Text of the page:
Colourful, vibrant, noisy, gaudy, delectable, aromatic, pungent, tacky, genuine, ‚imported‘.
Most makets we have visited over time conjure up some story we‘ve experienced or tastes we‘ve savoured. The main ingredient of these markets seems to be the cacophony of colours and textures which hit you as you merge within their stalls.
As the lady sits over her wares, a young girl practises tightrope walking near the beach.
Let the pictures tell the stories and imagine for yourself the plethora of aromas and the buzz of activity. In some places, the urgent need to sell that one bunch of whatever it might be can be detected by the sellers‘ demeanour, in others it seems to be as much an opportunity to meet and catch up with neighbours as to sell the produce.
If you can avoid it, don’t make the mistake I made of taking a tourist excursion to this floating market in Bangkok (above) where, for the most part, the majority of floating items were us, tourists, or rather the little boats we were in. Most goods, predominantly souvenirs, were being sold from stalls on the banks of the canal rather than vice versa. I was able to find a few floating boats selling mainly food but it was nothing like the Mekong Delta in Vietnam where the floating market was the real thing.
and for a close up look at what they use the betel leaf for:
Markets in Ecuador:
I like this photo (above) because it shows the contrast in pace of life between men and women in some situations. Here we can see the woman with child on back and shopping in hand rushing along, presumably to get home and get on with her chores, while in the background you can see the man idling at the church door ‘minding his own business’ seemingly without a care in the world.
We bought a fedora for our son from this garage outlet near Otavalo market in Ecuador a few years ago and my son still wears it today.
He was window shopping, in I think it was Jermyn street in London, a few months back and entered one of the hat shops. The very stylish sales assistant asserted when he saw my son’s fedora that it was made in Italy (he even looked inside the hat) though my son assured him that his parents had bought it for him in Ecuador.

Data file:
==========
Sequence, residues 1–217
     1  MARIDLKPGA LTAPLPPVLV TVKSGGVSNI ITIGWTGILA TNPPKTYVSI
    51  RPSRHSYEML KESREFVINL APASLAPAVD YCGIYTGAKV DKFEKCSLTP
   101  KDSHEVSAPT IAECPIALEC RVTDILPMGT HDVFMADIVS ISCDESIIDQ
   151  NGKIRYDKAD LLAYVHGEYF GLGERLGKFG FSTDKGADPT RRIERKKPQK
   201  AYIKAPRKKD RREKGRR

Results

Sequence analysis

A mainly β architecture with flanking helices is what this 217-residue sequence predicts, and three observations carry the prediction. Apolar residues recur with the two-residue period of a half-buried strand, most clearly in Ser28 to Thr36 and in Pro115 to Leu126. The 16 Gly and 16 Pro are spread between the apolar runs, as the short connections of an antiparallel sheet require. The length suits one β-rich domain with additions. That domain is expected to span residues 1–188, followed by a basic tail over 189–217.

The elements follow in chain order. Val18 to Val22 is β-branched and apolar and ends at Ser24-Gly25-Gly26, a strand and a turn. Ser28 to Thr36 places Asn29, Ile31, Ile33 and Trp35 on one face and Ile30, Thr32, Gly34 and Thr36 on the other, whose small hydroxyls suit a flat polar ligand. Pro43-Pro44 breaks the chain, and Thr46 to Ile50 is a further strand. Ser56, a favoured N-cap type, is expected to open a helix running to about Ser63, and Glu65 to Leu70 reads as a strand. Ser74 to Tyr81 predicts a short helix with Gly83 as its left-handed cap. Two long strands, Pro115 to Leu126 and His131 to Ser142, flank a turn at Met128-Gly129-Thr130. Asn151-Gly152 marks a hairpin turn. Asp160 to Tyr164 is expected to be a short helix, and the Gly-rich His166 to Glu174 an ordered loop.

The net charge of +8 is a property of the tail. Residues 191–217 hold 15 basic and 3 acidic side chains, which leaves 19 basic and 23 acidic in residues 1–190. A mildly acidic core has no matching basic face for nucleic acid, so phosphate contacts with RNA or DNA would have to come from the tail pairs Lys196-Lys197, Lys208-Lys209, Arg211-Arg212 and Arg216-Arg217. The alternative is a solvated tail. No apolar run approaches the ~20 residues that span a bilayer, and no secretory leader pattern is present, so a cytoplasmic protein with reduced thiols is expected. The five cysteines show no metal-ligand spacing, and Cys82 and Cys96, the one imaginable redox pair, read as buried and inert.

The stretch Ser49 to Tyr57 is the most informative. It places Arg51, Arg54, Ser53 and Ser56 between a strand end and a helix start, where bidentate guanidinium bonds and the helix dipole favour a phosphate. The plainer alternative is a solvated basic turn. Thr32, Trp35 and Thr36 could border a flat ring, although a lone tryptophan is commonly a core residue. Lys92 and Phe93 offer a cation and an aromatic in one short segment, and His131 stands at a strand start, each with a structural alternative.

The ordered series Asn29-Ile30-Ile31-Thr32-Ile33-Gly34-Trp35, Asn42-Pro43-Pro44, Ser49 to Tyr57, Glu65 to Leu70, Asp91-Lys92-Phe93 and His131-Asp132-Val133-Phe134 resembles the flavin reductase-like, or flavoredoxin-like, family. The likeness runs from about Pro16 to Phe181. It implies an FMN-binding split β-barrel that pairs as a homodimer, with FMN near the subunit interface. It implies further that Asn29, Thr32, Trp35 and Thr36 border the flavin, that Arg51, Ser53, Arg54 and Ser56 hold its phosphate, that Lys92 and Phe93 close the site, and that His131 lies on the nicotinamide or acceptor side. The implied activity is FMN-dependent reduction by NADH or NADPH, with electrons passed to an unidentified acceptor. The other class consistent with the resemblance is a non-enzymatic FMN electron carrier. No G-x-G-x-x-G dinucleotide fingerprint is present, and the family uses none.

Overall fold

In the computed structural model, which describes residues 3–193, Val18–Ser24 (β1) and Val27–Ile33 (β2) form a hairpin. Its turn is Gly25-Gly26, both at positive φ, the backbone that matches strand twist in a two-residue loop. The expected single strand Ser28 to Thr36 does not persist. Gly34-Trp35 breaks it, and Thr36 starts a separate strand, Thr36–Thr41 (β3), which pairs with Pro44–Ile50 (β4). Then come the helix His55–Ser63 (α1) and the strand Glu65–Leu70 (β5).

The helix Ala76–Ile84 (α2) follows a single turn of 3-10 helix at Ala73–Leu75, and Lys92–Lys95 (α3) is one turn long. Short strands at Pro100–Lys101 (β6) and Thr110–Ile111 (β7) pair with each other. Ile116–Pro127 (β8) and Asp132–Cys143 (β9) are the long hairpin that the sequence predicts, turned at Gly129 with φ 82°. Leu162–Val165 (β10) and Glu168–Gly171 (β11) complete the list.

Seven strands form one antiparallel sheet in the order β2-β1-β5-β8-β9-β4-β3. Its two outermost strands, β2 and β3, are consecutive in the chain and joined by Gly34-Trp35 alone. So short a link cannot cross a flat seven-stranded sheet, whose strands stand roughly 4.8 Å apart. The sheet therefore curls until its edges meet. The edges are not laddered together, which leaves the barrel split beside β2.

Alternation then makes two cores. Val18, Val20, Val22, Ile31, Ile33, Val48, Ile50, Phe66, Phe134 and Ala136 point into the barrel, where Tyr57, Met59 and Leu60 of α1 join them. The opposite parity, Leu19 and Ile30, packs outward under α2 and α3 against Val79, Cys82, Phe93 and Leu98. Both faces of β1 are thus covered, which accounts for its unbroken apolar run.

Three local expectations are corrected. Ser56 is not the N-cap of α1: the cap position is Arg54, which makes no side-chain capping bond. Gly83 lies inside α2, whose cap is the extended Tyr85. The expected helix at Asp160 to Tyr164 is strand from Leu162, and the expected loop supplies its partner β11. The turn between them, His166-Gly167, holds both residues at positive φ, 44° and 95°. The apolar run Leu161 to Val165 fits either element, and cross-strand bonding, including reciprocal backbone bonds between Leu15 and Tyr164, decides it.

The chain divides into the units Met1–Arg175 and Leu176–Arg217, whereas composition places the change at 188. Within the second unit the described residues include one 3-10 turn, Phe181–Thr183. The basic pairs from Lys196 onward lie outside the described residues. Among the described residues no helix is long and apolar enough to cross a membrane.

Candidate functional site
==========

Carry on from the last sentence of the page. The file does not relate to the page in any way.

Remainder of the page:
The interlocutor insisted that while his parents (ie: we) might have purchased it in Ecuador, it was definitely made in Italy. That made us smile. We saw them shaping the fedoras in the back room of that garage in Ecuador. Here’s a picture of Tomek in that very hat.
The smudges on the women’s cheeks is ‘thanaka’, a paste made from ground bark which is used as a moisturiser and sun protector.
and now a few pics of my local market in Gdansk:
When I asked the lady at this stand in Gdansk whether I could take a photo, she was happy to oblige and went about re-positioning her wares. I then felt compelled to buy the jar of fruit which she warned me not to serve to children. It is a home made concoction of raspberries and ‚spirytus‘ or rectified alcohol, 96% proof ( in the US that would be 192 proof…). She assured me it tastes best adding one spoonful to a strong cup of tea…
Last but not least, markets in Ethiopia:
When we visited this camel market, some 30 kms east of Harar, they tried to get our guide to make us pay an entrance fee which was not officially sanctioned. Not yet anyway, it might soon be though as we tourists are becoming a bit of a scourge in their eyes.
Kat/Qat/ (pronounced chat): tons of this stimulant leaf is consumed daily and also transported from Harar in eastern Ethiopia to Somalia and Djibouti from where it is loaded onto ships destined for Yemen and Saudi Arabia. Because of the delicate structure of the leaf, it doens’t stay fresh for too long, hence the speeding trucks chasing along the road east of Harar every day with fresh produce. You want to keep out of their way.